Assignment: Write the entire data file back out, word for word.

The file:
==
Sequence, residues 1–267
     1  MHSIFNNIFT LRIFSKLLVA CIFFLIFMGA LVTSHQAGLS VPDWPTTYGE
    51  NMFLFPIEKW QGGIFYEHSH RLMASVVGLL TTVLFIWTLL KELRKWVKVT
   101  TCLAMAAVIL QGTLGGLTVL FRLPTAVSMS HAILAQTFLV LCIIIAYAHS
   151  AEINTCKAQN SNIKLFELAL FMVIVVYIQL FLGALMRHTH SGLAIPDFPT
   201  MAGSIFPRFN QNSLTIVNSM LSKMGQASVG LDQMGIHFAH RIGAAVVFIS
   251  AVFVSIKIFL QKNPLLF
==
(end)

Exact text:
Sequence, residues 1–267
     1  MHSIFNNIFT LRIFSKLLVA CIFFLIFMGA LVTSHQAGLS VPDWPTTYGE
    51  NMFLFPIEKW QGGIFYEHSH RLMASVVGLL TTVLFIWTLL KELRKWVKVT
   101  TCLAMAAVIL QGTLGGLTVL FRLPTAVSMS HAILAQTFLV LCIIIAYAHS
   151  AEINTCKAQN SNIKLFELAL FMVIVVYIQL FLGALMRHTH SGLAIPDFPT
   201  MAGSIFPRFN QNSLTIVNSM LSKMGQASVG LDQMGIHFAH RIGAAVVFIS
   251  AVFVSIKIFL QKNPLLF